Parties have reached an agreement on terms for unravelinglong-term transportation arrangements that for years enabledSouthern California Gas to control its imports of Canadian gasthrough its paper pipeline affiliate, Pacific InterstateTransmission Co. (PITCO).

Resolution of a controversial issue involving acontract-specific operational flow order (OFO) enabled parties toreach a proposed settlement last week, according to one of thenegotiators involved in the deal. “The overall effect of this isthat PITCO will cease to exist as an interstate pipeline entity,and the entire arrangement will be restructured whereby Pan-AlbertaGas will hold all of PITCO’s capacity [on Northwest Pipeline andPG&ampE Gas Transmission] and will sell gas directly to SouthernCalifornia Gas Co.,” said Lad Lorenz, director of capacity andoperational planning for SoCalGas, who oversaw the negotiations.

The last key item at issue was whether Pan-Alberta Gas (US)would honor the OFO, which is integral to PITCO’s existingagreement with Northwest Pipeline, after PITCO assigned its 240MMcf/d capacity on Northwest Pipeline and PG&ampE Gas Transmission,Northwest Corp. (PG&ampE GT-NW) over to the Canadian aggregator.The OFO issue was critical for Northwest and its customers sincethe pipeline relies on PITCO’s gas flows to provide displacementservice to shippers on its system.

The settlement would hold Pan-Alberta to the contract-specificOFO until October 2003, requiring it to flow 144 MMcf/d fromStanfield, OR, to Ignacio/Bondad to El Paso Natural Gas or toIgnacio/LaPlata A to Transwestern Pipeline, where the gas thenwould be delivered to SoCalGas, according to the terms. However,”even though Pan-Alberta will continue to hold capacity onNorthwest after that, they will not have a specific OFOobligation,” SoCalGas is an affiliate of PITCO.

The settlement also would require PITCO to pay $16 million toNorthwest in an escrow agreement or trust fund to be used in”resolving or minimizing displacement limitations on the Northwestsystem.” This could include constructing additional pipelinefacilities on Northwest’s system to eliminate or reduce reliance ondisplacement.

“This is the final piece that we think allows this whole packagenow to come together,” Lorenz told NGI. The proposed settlement issupported or not opposed by the majority of shippers on Northwest’ssystem. “We’re not aware of anybody that’s opposed to this,” Launersaid. FERC has been asked to approve the settlement, withoutmodification or condition, by Dec. 18.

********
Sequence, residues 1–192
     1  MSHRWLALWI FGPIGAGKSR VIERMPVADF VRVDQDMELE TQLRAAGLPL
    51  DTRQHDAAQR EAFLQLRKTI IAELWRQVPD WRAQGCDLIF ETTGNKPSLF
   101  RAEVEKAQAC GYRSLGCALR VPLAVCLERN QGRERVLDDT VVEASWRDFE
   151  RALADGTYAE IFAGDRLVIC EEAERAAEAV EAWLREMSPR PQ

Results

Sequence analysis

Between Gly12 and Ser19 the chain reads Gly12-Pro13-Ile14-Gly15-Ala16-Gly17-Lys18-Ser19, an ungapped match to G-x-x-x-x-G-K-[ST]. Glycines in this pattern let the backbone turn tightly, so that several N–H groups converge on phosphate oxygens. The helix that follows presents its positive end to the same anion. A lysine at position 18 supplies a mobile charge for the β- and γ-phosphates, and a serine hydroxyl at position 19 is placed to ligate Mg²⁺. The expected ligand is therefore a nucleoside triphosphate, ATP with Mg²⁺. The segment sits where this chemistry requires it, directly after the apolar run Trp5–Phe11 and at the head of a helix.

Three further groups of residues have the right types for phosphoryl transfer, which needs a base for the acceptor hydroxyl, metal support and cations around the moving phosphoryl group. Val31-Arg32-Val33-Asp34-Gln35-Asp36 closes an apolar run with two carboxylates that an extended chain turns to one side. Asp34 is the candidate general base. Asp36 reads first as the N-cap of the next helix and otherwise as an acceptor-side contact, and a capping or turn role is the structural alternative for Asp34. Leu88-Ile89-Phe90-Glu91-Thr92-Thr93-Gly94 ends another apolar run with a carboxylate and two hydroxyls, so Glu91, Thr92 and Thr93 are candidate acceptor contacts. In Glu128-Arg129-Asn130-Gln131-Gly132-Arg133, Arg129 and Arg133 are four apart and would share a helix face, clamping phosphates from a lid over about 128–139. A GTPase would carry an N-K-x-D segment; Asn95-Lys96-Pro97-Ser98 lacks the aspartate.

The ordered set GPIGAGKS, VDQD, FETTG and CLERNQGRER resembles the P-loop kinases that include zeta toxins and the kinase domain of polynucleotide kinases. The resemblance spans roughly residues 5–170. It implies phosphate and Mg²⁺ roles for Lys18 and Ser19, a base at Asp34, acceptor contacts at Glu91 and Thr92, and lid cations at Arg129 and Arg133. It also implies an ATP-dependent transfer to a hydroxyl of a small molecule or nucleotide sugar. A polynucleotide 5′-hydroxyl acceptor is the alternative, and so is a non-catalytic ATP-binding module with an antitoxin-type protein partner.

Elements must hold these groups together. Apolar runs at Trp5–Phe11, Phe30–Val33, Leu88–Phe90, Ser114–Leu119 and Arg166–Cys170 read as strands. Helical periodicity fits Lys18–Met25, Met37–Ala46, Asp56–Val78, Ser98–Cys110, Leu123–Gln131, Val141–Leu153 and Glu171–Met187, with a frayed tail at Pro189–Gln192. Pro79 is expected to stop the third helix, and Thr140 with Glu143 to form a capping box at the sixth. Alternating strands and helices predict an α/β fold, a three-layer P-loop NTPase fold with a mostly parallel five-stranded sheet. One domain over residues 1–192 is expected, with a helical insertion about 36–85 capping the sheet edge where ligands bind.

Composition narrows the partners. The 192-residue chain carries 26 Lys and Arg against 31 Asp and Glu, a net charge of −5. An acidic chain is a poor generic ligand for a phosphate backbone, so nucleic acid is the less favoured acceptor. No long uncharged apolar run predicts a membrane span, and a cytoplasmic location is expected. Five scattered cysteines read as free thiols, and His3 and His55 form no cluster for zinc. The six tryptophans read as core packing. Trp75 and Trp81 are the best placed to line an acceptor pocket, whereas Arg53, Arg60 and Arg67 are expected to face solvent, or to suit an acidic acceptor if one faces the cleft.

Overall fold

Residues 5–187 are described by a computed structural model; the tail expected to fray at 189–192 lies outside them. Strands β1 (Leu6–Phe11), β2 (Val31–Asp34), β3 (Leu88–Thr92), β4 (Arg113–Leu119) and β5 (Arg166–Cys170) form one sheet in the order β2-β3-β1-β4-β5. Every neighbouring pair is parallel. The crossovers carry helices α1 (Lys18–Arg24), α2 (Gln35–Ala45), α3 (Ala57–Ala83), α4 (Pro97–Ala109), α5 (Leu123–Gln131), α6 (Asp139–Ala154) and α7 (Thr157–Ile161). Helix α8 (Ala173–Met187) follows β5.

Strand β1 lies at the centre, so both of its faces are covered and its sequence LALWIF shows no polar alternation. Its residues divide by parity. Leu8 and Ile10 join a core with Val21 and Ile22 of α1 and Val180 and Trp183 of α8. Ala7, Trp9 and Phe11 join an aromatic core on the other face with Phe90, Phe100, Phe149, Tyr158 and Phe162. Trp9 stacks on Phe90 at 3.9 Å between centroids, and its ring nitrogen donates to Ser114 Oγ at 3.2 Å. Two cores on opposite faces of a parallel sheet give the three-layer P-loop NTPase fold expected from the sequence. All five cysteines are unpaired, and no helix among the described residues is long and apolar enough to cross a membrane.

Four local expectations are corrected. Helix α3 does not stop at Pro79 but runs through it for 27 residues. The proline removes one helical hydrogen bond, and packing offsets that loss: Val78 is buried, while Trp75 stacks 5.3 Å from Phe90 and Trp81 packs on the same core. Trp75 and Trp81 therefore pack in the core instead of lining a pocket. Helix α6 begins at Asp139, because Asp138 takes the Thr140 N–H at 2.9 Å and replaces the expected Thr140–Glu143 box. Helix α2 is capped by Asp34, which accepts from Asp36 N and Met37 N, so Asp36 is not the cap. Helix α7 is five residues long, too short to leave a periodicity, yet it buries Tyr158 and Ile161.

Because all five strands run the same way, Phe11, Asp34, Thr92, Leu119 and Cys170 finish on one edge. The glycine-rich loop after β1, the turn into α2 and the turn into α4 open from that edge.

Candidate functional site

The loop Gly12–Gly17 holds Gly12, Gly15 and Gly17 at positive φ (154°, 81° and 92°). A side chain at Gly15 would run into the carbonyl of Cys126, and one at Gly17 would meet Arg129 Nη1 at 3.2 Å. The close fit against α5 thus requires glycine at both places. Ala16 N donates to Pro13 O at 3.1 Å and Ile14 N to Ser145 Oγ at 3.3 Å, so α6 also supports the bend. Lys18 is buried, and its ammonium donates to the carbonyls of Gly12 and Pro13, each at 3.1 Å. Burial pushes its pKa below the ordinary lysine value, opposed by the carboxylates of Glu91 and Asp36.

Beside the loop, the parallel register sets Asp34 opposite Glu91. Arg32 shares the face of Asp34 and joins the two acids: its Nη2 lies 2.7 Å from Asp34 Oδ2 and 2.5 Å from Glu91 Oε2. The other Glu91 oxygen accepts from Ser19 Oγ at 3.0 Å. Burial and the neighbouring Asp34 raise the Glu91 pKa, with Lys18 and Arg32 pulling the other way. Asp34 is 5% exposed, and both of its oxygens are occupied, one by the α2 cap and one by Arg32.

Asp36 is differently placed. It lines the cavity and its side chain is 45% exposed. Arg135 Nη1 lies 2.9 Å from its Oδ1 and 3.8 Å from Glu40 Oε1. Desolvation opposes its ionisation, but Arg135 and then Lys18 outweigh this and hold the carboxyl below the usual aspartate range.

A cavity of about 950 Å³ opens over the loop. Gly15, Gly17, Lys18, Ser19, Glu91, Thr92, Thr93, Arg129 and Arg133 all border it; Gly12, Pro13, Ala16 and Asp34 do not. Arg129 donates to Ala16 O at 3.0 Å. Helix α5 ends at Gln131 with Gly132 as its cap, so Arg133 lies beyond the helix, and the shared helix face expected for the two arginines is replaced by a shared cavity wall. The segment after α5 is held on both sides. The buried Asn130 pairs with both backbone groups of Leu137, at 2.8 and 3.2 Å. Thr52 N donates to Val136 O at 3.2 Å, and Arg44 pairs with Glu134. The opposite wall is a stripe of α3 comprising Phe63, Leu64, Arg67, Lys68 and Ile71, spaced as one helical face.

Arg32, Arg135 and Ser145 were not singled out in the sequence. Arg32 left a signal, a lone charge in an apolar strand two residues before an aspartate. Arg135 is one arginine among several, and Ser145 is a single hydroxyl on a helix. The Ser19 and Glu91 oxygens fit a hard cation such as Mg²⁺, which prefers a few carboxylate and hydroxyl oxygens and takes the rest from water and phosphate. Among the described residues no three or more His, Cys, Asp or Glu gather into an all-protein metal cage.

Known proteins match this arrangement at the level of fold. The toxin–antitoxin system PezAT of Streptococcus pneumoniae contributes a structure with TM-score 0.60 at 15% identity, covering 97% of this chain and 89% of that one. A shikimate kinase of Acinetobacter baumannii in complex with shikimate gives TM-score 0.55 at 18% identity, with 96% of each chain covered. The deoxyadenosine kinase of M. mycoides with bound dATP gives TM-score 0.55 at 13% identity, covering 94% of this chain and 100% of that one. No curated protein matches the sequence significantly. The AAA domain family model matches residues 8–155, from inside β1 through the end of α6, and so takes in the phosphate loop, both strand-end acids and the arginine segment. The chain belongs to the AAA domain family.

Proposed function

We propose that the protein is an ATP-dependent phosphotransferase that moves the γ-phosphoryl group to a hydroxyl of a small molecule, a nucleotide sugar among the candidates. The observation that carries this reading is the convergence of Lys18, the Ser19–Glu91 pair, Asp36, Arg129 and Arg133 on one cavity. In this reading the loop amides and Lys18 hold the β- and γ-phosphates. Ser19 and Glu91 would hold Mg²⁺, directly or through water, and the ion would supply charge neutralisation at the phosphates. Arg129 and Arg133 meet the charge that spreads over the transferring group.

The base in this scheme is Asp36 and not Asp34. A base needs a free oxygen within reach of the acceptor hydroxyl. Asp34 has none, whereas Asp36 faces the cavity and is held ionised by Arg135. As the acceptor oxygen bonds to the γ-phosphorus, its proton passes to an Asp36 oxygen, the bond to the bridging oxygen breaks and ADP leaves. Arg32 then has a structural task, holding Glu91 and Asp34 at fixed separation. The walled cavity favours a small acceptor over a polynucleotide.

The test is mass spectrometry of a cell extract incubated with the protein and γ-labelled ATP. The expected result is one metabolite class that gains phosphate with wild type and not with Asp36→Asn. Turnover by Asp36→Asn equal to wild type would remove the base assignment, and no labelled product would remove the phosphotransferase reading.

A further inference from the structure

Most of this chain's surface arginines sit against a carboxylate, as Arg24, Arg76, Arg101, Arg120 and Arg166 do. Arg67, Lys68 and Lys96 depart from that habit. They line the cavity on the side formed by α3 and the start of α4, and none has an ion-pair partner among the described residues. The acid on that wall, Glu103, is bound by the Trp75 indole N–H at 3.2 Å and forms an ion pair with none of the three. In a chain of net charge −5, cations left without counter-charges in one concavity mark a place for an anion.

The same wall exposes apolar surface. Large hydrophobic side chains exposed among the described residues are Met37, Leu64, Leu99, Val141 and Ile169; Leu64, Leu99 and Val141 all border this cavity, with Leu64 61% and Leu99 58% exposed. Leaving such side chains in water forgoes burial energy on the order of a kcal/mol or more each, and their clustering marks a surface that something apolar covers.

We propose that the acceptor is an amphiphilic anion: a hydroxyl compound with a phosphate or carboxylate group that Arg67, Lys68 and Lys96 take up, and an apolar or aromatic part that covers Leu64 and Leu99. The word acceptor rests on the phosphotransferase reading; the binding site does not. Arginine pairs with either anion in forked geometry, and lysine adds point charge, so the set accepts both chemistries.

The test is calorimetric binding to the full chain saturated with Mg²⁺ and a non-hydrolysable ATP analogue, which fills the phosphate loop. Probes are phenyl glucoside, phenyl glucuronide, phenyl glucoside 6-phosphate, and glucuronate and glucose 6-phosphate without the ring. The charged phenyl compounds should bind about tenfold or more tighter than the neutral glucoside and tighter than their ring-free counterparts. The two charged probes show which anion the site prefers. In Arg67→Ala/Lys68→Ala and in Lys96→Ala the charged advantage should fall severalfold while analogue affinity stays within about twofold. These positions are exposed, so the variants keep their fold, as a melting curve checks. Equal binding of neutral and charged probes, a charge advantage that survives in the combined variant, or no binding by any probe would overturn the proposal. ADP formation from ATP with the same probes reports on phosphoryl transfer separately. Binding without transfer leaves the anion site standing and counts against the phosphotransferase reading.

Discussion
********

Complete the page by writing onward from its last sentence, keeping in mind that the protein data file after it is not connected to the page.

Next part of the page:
PITCO has asked that the proposed settlement be consolidatedwith its original application filed last May. In that filing, PITCOsought the go-ahead to abandon by sale its 30% interest in 351miles of loops on Northwest Pipeline, and to assign all the firmand interruptible capacity and capacity rights it holds onNorthwest and PG&ampE Gas Transmission to Pan-Alberta. PITCO askedFERC for a waiver of the rules so it can permanently assign thecapacity rather than release it [CP98-529].

The May proposal, and the subsequent settlement, are largely inresponse to a 1994 global settlement between SoCalGas and itscustomers in which the LDC was strongly encouraged to restructureits gas supply and transportation arrangements with PITCO, whichmost agree has outlived its purpose. PITCO was created solely tobuy and transport Canadian gas supplies for resale to SoCalGas at atime, in the early 1980s, when LDCs were severely restricted intheir ability to purchase gas at the international border andtransport it. During that time, PITCO had been exempted from theCommission’s restructuring rulemakings. SoCalGas now is sheddingits long-time arrangement with PITCO as part of its effort tobecome more competitive.

The global agreement calls for SoCalGas ratepayers andshareholders of Sempra Energy, SoCalGas’s parent, to share thecosts associated with the PITCO restructuring, 82.5% and 27.5%respectively, Lorenz noted. The amount of the passthrough toSoCalGas would be limited to $31 million, which is what Pan-Albertawould be paid by PITCO to accept its capacity rights on the twopipeline systems.

In a separate but related filing, PITCO also asked theCommission to consolidate the numerous dockets in the case.

Susan Parker

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